Baha'i House Of Worship
Completed in the midst of the Great Depression, the Baha'i House of Worship is the oldest and only one of the ten temples dedicated to the Baha'i faith. Plans to construct the temple began in 190s when a small group of Baha'is in the Chicagoland area came together and worked toward a plan to raise funds and construct the temple. After about 18 years of planning and fundraising, the first steps of construction began in 1921. By 1922, the first hall was completed but it would take another 21 years before the temple was finally finished and dedicated. Today the temple stands tall over Wilmette and can be seen from miles away on Lake Michigan.
Backstory and Context
In mid-1903, a small group of Bahá'ís in the Chicago land area discussed the idea of a Bahá'í House of Worship in the area. During the time, the world's first House of Worship was being built in Turkmenistan. A Bahá'í woman from Chicago named Corinne Knight True went and visited Palestine in 1907 to visit `Abdu'l-Bahá, then leader of the religion. Corinne told `Abdu'l-Bahá of the growing interest in a house of worship in Chicago. A series of newspaper articles in the fall of 1908 confirmed that the Bahá'ís would begin construction on their house of worship.
This led to the development of a national sense of community. `Abdu'l-Bahá gave his okay for the project. He recommended that the structure be built away from the Chicago business district, in a less populated area near Lake Michigan. The Bahá'ís considered building the temple in Chicago's Jackson Park or the suburb of Evanston. Eventually, they settled on Wilmette, Illinois, just north of Evanston. The location provides a beautiful landscape and the temples beautiful architecture can be seen for miles. Although the location was set for the project it would take many more years before anyone would see the temple built there.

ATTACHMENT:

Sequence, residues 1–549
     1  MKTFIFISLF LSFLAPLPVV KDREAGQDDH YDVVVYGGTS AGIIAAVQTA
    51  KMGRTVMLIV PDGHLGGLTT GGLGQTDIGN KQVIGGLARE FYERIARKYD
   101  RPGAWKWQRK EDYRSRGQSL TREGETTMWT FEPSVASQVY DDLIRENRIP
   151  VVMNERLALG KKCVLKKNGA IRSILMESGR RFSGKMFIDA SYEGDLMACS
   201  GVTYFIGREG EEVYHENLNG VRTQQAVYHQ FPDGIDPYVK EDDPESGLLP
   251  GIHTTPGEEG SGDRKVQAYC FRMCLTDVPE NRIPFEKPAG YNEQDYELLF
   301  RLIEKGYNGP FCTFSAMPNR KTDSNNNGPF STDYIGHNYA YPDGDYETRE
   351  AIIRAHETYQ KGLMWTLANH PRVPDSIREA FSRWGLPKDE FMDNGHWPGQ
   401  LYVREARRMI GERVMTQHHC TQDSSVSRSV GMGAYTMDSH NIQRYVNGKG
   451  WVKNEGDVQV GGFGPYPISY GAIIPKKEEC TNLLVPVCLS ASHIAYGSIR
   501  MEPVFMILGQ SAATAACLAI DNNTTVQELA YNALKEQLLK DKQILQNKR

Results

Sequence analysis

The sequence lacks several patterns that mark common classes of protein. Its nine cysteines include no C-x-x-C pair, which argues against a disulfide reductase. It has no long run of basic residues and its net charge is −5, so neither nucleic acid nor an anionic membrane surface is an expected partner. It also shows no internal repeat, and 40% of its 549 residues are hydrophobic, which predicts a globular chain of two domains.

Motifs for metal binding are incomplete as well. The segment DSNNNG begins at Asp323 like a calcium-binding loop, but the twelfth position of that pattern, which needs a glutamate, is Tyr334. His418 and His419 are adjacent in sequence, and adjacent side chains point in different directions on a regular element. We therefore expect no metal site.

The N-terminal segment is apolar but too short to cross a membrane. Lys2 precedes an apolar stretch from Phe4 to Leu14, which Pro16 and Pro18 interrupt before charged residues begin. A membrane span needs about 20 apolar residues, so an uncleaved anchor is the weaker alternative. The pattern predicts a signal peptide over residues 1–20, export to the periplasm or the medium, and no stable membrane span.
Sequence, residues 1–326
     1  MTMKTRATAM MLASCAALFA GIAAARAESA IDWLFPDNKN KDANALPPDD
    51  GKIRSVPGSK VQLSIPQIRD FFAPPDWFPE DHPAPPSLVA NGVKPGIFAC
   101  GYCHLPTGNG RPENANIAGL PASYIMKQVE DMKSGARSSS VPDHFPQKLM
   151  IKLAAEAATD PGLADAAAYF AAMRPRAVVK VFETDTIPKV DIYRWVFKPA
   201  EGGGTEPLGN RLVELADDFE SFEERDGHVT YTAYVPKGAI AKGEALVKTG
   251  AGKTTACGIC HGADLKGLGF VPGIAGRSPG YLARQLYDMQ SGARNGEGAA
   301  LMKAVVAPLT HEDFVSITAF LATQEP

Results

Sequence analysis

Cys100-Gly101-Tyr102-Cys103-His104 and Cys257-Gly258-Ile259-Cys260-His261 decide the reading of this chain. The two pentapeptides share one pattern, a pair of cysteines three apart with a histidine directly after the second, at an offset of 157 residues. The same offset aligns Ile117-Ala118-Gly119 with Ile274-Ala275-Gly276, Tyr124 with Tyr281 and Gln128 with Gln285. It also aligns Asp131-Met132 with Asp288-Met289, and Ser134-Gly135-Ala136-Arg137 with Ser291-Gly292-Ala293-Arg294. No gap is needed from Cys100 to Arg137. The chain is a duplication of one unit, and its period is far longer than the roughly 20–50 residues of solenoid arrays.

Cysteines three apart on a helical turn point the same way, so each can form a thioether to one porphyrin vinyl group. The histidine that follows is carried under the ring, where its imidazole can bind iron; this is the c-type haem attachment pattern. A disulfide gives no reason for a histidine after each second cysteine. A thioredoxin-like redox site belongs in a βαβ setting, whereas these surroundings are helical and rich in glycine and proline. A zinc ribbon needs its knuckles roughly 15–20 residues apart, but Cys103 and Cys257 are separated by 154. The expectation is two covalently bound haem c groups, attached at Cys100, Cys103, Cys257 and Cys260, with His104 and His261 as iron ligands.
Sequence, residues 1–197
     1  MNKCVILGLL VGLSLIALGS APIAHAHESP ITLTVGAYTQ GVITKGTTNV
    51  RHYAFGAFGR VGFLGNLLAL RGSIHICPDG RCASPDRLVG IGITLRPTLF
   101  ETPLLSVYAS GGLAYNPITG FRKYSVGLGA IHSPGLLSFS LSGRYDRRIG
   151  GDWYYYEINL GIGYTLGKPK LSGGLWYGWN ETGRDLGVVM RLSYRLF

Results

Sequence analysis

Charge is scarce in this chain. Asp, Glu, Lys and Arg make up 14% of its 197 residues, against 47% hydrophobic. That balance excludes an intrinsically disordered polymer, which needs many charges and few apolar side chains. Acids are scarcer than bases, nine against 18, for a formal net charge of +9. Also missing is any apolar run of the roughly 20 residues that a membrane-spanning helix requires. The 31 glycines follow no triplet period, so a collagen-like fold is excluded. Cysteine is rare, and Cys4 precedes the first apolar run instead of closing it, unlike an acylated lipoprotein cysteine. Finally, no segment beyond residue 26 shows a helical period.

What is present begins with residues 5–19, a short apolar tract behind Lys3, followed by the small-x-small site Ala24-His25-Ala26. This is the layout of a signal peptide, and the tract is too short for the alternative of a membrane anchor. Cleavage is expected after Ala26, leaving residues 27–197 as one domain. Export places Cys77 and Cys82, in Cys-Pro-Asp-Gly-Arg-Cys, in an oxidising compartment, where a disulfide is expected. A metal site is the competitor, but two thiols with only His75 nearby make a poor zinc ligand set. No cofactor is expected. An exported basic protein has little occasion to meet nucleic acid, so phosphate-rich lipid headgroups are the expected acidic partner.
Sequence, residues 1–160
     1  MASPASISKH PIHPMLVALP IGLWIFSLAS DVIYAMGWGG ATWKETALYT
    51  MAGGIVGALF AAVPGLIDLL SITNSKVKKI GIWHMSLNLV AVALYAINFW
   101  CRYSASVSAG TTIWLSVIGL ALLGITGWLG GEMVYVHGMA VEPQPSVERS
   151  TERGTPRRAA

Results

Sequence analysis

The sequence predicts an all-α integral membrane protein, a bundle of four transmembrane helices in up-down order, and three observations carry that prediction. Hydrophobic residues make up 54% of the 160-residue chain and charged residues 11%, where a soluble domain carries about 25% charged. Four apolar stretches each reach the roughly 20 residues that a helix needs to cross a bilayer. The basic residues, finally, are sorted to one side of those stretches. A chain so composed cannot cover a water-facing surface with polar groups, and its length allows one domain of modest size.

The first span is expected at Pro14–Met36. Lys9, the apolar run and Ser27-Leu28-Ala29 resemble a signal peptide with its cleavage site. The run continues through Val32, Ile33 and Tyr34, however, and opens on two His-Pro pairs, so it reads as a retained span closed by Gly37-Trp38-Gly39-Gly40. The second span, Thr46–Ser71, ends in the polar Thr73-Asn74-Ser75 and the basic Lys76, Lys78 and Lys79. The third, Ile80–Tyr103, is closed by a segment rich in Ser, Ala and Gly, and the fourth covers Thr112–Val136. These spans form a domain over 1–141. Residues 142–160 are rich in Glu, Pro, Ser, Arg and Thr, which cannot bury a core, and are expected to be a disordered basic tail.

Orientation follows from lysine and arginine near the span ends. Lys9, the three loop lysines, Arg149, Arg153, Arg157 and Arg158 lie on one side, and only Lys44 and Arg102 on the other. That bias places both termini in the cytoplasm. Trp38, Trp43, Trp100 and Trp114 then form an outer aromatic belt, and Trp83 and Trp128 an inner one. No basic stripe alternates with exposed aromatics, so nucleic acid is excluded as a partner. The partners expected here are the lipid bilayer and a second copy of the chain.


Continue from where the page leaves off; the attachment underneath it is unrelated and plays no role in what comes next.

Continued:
By early 1922, Foundation Hall was basically finished, and Bahá'ís began to use it as a meeting place. Progress on construction soon began to stall as funds began to dwindle and residents of Wilmette began expressing displeasure with the construction site. At this point, many strange rumors about the structure began to circulate. People began to think the temple was for war purposes or it housed large animals. Not many knew what the future had in store for the temple and it took 8 more years before the construction would continue.
Construction began to resume as contributions from Bahá'ís and others began to increase, and in 1930, the George A. Fuller Company was assigned to complete the building's structure. The superstructure was completed in 1931, and just a year later, John Joseph Earley was hired to begin working on the building's concrete structure. The outside of the building was finished in January 1943. It was a long and hard-fought journey to finish the temple but after more than 40 years of planning and hard work they ended up with a masterpiece.
Today the temple stands tall and beautiful over Lake Michigan. It is open every day from 6:00 AM to 10:00 PM for personal prayer even on holidays. There are choir services for the first three Sundays of every month and there are also devotional programs every day from 9:00 AM to 12:00 PM. The temple also provides tour group opportunities for groups 10+.
Bahá'í House of Worship (Wilmette, Illinois). Wikepedia. . Accessed April 29, 2019. https://en.wikipedia.org/wiki/Bah%C3%A1%27%C3%AD_House_of_Worship_(Wilmette,_Illinois).